Land of The Free Automotive Industry

Land of The Free Automotive Industry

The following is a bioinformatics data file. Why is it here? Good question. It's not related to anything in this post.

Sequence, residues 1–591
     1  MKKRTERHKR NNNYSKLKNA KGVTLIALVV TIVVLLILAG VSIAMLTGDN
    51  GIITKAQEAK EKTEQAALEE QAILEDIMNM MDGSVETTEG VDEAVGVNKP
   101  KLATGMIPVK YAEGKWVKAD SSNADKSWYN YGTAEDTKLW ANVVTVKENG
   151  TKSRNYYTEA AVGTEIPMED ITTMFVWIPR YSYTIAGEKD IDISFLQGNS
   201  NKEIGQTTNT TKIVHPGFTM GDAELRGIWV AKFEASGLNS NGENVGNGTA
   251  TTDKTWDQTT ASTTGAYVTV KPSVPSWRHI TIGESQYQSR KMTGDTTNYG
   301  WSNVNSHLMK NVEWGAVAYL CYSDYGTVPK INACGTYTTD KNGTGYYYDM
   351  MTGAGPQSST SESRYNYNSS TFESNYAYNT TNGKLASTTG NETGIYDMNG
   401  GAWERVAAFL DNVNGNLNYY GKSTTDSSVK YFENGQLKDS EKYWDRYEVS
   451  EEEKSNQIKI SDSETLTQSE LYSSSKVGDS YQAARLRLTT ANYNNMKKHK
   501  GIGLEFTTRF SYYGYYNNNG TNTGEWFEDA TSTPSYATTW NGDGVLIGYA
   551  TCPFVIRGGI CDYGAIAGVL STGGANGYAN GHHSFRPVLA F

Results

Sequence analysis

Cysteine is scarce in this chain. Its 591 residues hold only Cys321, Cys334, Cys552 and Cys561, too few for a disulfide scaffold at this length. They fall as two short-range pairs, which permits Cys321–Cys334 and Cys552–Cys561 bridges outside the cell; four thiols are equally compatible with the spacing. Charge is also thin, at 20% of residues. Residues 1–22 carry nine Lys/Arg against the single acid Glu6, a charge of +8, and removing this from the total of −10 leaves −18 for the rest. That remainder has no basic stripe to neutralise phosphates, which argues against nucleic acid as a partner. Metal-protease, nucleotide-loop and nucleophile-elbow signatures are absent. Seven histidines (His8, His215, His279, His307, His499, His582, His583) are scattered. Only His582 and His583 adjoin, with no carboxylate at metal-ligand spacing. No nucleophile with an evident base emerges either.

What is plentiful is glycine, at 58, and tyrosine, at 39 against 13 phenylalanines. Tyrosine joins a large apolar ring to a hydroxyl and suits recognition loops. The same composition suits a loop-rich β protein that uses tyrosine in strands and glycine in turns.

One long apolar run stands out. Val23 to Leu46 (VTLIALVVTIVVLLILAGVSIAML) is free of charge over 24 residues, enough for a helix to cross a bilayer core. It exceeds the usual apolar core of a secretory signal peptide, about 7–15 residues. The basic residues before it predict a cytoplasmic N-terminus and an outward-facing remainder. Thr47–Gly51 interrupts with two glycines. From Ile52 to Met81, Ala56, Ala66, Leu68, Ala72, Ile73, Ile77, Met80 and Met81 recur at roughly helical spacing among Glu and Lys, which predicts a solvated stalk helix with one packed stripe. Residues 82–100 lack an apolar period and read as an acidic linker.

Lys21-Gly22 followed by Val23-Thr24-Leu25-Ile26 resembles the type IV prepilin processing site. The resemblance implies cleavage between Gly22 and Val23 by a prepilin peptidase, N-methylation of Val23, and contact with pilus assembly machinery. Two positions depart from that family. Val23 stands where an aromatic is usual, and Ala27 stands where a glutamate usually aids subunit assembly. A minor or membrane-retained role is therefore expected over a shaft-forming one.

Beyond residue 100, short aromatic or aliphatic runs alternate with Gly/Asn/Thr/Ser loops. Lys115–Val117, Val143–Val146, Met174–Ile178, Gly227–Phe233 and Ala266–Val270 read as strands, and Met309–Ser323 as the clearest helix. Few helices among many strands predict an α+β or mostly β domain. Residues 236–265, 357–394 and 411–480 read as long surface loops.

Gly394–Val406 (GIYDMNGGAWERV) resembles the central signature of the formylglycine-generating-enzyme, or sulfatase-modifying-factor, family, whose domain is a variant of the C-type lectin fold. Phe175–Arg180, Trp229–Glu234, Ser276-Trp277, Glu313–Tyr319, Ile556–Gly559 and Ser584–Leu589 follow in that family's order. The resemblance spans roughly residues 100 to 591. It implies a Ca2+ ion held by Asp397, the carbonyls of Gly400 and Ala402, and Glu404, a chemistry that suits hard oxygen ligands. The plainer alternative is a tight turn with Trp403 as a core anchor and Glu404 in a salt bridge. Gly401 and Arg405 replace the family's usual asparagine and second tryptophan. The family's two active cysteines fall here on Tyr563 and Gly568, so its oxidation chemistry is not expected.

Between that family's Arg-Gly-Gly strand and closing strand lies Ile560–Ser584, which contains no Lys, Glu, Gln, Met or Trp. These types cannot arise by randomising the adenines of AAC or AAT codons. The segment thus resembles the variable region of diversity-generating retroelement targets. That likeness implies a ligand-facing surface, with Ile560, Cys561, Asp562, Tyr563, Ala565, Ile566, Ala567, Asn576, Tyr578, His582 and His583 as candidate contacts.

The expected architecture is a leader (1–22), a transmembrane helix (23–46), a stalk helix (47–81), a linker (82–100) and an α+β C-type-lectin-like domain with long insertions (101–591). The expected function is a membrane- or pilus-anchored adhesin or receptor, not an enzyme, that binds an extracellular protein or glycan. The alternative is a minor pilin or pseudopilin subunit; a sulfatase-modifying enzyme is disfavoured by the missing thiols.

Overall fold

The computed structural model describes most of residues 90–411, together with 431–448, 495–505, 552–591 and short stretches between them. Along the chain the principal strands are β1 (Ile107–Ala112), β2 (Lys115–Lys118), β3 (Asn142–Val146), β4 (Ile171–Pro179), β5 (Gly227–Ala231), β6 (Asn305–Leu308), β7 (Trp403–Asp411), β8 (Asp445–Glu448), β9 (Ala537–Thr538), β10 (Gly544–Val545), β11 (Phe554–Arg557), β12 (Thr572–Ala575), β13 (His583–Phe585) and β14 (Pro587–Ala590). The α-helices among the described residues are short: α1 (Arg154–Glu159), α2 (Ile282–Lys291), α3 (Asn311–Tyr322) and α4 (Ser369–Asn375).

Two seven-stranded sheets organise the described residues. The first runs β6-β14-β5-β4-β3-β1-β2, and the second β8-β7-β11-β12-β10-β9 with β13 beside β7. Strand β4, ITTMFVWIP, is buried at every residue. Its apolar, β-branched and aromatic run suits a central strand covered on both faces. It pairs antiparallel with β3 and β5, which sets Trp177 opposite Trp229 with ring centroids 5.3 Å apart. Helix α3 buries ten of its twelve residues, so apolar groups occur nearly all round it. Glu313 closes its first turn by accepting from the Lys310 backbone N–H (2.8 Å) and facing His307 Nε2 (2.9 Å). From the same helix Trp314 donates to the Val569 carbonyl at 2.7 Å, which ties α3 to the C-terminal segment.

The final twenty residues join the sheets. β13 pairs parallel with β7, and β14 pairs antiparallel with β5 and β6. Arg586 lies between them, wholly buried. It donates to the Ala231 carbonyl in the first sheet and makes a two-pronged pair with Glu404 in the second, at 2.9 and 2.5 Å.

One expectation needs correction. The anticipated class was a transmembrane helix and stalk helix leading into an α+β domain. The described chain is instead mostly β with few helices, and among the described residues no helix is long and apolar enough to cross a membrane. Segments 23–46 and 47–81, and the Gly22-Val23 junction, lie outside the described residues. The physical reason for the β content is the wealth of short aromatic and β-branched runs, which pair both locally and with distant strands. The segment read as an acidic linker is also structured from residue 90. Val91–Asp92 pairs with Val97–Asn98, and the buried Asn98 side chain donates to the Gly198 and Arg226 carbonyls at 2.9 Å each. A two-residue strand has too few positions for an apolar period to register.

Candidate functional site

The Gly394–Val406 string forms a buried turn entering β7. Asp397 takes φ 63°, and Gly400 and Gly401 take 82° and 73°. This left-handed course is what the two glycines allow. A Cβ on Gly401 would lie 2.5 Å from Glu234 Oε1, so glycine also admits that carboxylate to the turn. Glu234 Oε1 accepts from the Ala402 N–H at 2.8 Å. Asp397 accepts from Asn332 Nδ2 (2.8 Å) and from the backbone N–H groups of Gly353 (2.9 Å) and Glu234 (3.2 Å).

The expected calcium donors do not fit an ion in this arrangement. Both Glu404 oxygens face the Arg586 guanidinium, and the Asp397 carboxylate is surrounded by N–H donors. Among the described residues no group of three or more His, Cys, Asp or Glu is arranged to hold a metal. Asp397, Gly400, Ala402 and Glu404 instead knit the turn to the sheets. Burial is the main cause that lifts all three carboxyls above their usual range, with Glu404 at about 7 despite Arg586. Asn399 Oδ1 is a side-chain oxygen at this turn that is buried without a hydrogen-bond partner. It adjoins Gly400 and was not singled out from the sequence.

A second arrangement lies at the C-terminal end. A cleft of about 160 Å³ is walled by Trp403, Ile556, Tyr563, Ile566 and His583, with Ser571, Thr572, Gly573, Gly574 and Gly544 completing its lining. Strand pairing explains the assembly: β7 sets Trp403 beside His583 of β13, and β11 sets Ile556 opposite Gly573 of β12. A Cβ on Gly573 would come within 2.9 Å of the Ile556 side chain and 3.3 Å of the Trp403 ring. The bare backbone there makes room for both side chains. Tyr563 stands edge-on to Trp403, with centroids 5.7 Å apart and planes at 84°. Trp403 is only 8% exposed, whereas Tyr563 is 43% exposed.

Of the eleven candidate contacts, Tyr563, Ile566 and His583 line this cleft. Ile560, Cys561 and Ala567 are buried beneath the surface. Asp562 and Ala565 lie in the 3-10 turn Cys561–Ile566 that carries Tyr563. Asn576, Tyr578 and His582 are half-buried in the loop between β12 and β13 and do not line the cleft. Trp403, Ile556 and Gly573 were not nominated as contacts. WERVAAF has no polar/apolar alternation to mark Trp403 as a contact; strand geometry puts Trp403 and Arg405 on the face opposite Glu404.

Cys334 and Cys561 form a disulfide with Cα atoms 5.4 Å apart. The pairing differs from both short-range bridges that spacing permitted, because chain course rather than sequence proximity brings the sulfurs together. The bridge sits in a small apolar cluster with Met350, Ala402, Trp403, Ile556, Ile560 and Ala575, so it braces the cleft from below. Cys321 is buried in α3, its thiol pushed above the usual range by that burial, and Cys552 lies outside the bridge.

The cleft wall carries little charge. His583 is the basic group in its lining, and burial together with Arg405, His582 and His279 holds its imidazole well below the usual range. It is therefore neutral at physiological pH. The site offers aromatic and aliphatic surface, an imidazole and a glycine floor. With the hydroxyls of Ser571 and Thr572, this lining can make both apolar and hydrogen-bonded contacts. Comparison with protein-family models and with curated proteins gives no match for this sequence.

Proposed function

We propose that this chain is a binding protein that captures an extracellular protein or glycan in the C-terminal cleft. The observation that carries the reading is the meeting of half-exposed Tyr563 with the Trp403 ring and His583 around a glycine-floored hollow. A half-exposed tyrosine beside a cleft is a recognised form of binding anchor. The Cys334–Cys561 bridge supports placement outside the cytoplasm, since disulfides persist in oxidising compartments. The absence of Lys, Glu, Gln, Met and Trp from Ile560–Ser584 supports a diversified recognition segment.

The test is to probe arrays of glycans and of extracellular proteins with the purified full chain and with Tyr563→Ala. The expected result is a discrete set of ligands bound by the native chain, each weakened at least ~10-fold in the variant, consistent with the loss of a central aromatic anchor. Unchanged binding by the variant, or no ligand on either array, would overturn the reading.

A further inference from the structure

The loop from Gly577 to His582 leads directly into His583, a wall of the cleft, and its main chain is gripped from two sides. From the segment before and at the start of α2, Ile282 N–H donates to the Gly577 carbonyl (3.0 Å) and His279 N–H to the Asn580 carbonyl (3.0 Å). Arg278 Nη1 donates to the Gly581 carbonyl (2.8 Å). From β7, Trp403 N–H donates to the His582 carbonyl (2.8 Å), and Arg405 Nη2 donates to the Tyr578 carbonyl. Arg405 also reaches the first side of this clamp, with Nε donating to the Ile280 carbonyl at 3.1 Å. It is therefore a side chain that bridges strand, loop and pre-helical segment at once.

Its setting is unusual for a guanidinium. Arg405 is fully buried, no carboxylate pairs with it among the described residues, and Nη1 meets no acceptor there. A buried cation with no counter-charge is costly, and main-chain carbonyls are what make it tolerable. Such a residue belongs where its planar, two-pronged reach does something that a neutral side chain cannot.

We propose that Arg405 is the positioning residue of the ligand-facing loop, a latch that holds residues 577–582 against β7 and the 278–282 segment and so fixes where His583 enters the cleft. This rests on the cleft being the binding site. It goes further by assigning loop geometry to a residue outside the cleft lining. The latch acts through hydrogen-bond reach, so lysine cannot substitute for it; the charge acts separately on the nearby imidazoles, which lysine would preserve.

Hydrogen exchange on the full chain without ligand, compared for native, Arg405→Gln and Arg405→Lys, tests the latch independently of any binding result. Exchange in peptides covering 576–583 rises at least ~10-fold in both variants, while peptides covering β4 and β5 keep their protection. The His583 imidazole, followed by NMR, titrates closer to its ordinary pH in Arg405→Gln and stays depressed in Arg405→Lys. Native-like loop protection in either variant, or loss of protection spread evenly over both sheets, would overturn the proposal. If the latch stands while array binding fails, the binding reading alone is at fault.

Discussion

from the Library of Congress in Washington DC what makes a country what makes this country of ours let’s take a swift bird’s-eye view to see if we can discover the ingredients the first essential is space to live in and we Americans have plenty of that this Republic stretches from ocean to ocean and from the Great Lakes to the Gulf within our borders are vast fertile plains where graze the cattle and the Sheep we have great fields of billowing grain mile on mile nodding golden heads to the Sun a giant granary friendly smiling valleys are dotted with fragrant fruit trees and streaked with dusty green vineyards that march in columns over the rolling hills we have millions of acres of timberland oak and elm and hickory maple and walnuts spruce and pine our mighty rivers tossed their plumes of spray as they hurry down to the sea majestic mountains proudly lift their ancient snow-covered heads to the blue sky plenty of space to live in but land is not enough to make a country there must also be people to work the land men to swing the axe and fell the timber to begin the conversion of a tree into a useful piece of lumber there must be people to harvest the crops cotton and wheat corn and tobacco oats and alfalfa barley and beans now people act pretty much alike the world over no matter where you go they eat and drink and discuss the news of the day they are born they work for their share of happiness and they die they feel the same heat of summer and the same chill of winter and after work they play but that isn’t enough and that’s why for 300 years they’ve been coming to this country our fathers or our fathers fathers months or years or generations ago made the long voyage to these shores in search of freedom for more than half a century the Statue of Liberty soaring symbol of America has held high aloft a torch brightly burning to light the way for 26 million new Americans to this new land of opportunity to this land of the free and what treasures are ours we produce 34 percent of all the coal mined in the world from our wells gushes 62 percent of the world’s supply of oil from seemingly inexhaustible veins in the earth we produce 29% of the world’s iron ore other rich loads supply us with 32 percent of the world’s copper in the fields of the south we grow half of all the cotton produce our most valuable crop is corn of which we grow more than half of the world supply to get about our great country we operate 34 percent of the world’s railroads a quarter of a million miles of track for personal transportation we drive seventy percent of all the automobiles that roll along the world’s highways we enjoy the convenience of half of all the telephones in service for diversion and instruction we listen to 45 percent of all the radio sets in existence we important to this country for our use half of all the rubber produced in other lands from across the sea we bring into America more than half of all the coffee grown and from the other side of the world we get more than half of the world’s production of raw silk and what proportion of the population of the earth all these ridges there are 130 million of us Americans but how do we compare in numbers with the rest of mankind well such is the ingenuity the courage and the capacity for hard work of the American people that they have developed these infinite resources and still have a lot of room to growing for we constitute only 6% of the population of the world only 6% and yet we are the wealthiest in resources as well as the happiest and freest people on earth we constitute the greatest country in the world great in resources and in the vision of our people great in accomplishment in the past and equally great in promise for the future not so long ago our forefathers braved unknown perils of an unknown land and crossed the continent to win the West a triumph of courage and will to achieve the country over stout hearted men and women were making homes and raising families one gala day the last spike was driven that laced the two oceans together with a Transcontinental railway now the two coasts were only days apart instead of months in 1840 a hundred years ago a member of the United States Senate made an amazing speech I urged the closing of the United States Patent Office it is obvious I think that you will concur that we have exhausted our inventiveness and because there is nothing further to be devised and patented no machine or contraption that can possibly add to our virtue and well-being I crave your support of a measure to close the Patent Office close the Patent Office and since that day have come inventions that have meant jobs for millions of men and women the electric light the telephone the phonograph the automobile the airplane the radio and the sound motion picture each year 400,000 applications for patents are filed from which come as many as 40,000 workable ideas will high no further back than the turn of the century less than four decades ago letters were handwritten by the light of an oil lamp now your secretary turns out her work swiftly and legibly on the typewriter not so long ago metal was shaped by the Smith and the mighty man was he because he had to be nowadays a man touches a lever and the jaws of a giant press closed on a sheet of steel to form the top of an automobile not so long ago milk was skimmed by hand but now the separator efficiently divorces the milk from the cream ploughing used to be a slow job and a hard job not so long ago but now American inventiveness has lightened the labors of the farmer with the tractor and the gang flower nature created Niagara Falls truly a beautiful spectacle but even more magnificent is the largest man-made structure on earth Boulder Dam eloquent testimony to the vision of our country for this tremendous work will make the desert to blossom like the rose creating garden spots was reckless waste we have flung great bridges across bays and streams that people may move more easily from one place to another for the exchange of goods and ideas over and under rivers between the United States and the Dominion of Canada our bridges and tunnels that crossed the boundary line between our good neighbor and ourselves a 3,000 mile frontier of friendship over which not a gun has been pointed in enmity in more than a hundred years typically American are our majestic cities with their towering skyscrapers of steel and stone and glass truly an awe-inspiring sight is Manhattan Island in busy bustling Chicago millions have been spent to beautify the lakefront until it is now one of the show places of America the gift of a generous City to its people the National Capitol at Washington breathes there a man with soul so dead who never to himself has said this is my own my native land this country has been called the melting pot because by some strange alchemy a variety of ingredients goes into it and the result of the bubbling and seething is always the same a fresh creation a new citizen an American [Music] and what makes an American well there’s education free schools for all the people only a hundred and fifty thousand of our youngsters were enrolled in institutions of higher learning fifty years ago now the enrollment is 1 million two hundred thousand then there’s a free press for the uninterrupted exchange of ideas a press that is free to speak its mind about those in power to safeguard the rights of the lowly to examine acts and motives of people in high places to ensure justice for all under the Constitution there is free speech for we are an aggressive tough minded people who never hesitate to speak our minds still the fact remains that we homeowners have our rights too and I for one am gonna stick up for mine from its beginning more than three hundred years ago America has been the Haven of the oppressed who found religious freedom here dotting the landscape in City Town and Country our church spires reaching up into the heavens great edifices invite worshipers to sit beneath their hushed and holy domes here in America every man may worship his God according to his lights may address the Almighty if he so pleases in the tongue of his father’s for this is the land of the free we Americans like to play laughter rings out in the land on the beaches of the Atlantic and the Pacific in the Gulf of lakes and rivers and streams millions of us are ardent devotees of the national game of baseball on each coast is a great exposition to teach us amuse us and amaze us one has arisen outside of New York City on the Flushing Meadows the other on Treasure Island in beautiful San Francisco Bay all the year round the out-of-doors calls us bidding us forget all care and live an hour or two with nature in her ever-changing Wonderland always fascinating weather in the crisp cold of winter or on a soft June evening out in the woods [Music] well [Music] back in 1900 men were still doing many laborious tasks by hand then came the beginning of a new program of actions the American Way which consists of an endless chain of four links endless because no one can say which comes first one link was quantity production by which products of finer quality were produced in greater numbers at a price within the reach of everybody general education was essential to the American Way so the people could learn the advantages of a product from magazine advertising from newspapers that daily telesales stories from billboards that display a message so that he who runs may read and from the radio that takes education directly into the whole now we have national desire exemplified by a hurrying stream of shoppers quantity production means a product that combines high quality with low cost returning more value on the investment whether it’s an automobile or a cake of soap nationwide distribution means laying down the product in every community for the convenience of the prospective buyer general education is accomplished by advertising in all its forms and through all available media thus is engendered national desire the result is the American Way uh approached even unique as it operates day in and day out in furtherance of the health happiness and well-being of all of us of highest standards of living than exist elsewhere in the world here in the land of the free this was a mighty snappy job not so long ago only 40 years in fact and yet this scene almost takes us back to the dark ages so rapid has been the growth of the automotive industry the outstanding example of the American Way in operation in 1900 there were only 8,000 motor vehicles registered in the United States by 1906 the number had grown to a hundred and five thousand we topped the million marks for the first time in 1913 with 1 million 258,000 registrations two years later the total was two million four hundred forty five thousand and the curve went steadily upward through the years three and a half million in 1916 five million in seventeen six million in 1870 and a half million in nineteen and nine and a quarter million in 1920 what a growth that was in the score of years but it still went on and up fifteen million in 1923 twenty-two million in 26 26 and a half million in 30 twenty-eight million in thirty-six and twenty nine and a half million last year think of it in 40 years we have built a total of 62 and a quarter million motor vehicles and we’re going to keep right on building them more and more for Americans always have demanded and always will demand these necessities of good living now for the men and women who build the cars motor car companies employ as many as a half a million persons in a year and pay them as much as eight hundred million dollars in twelve months another million and a quarter are employed in sales and service and when you consider the related manufacturers who depend on the automobile business you find on the payrolls more than six million employees one out of every seven gainfully employed in the United States America’s Road building program went hand in hand with the development of motor transportation until now we have three hundred and sixty thousand miles of surfaced highways in the fiscal year of 1939 more than three and a half million men were employed on road construction and maintenance the motorists of America fill their tanks each year with 22 billion gallons of gasoline ninety percent of the total United States production automobile manufacturers shipped their product in three million freight car loads for which they pay the railroads the staggering total of three hundred and sixty million dollars the automotive industry writes many another big change in a year it spends more than twenty three million dollars for cotton three million dollars is the bill for wool and another two million goes from oh here’s the cattleman received more than one and three-quarters million dollars for hikes and there are many other commodities of which the industry is the largest single consumer such as rubber 80% plate-glass 69% alloy steel 54 percent malleable iron 53 percent trip steel 51 percent sheet steel 41 percent live 35 percent nickel 29 percent every state in the Union contributes to the building of automobiles and every state profits New England Weaver’s make the fabrics for upholstery from the Northwest comes lumber millions of feet of it from the south comes sugar cane and cotton millions of pounds of it from the southwest comes oiled billions of gallons of it from the Middle West come corn and wheat soybeans and flaxseed billions of bushels of it from ranchers and farmers the country over comes sheep and cattle and hogs millions of it from nature’s bountiful storehouse of treasures in the earth come on and lead zinc and nickel tin and aluminum copper and cold mercury and silver tungsten and bauxite vanadium molybdenum and manganese truly all America builds the automobile it’s a nationwide collaboration of 48 states cooperating to achieve a common purpose and it could happen nowhere but here in the land of the free where men can still dream dreams and make them come true close the Patent Office no siree not while there are still Americans ever striving to make this a better world to live in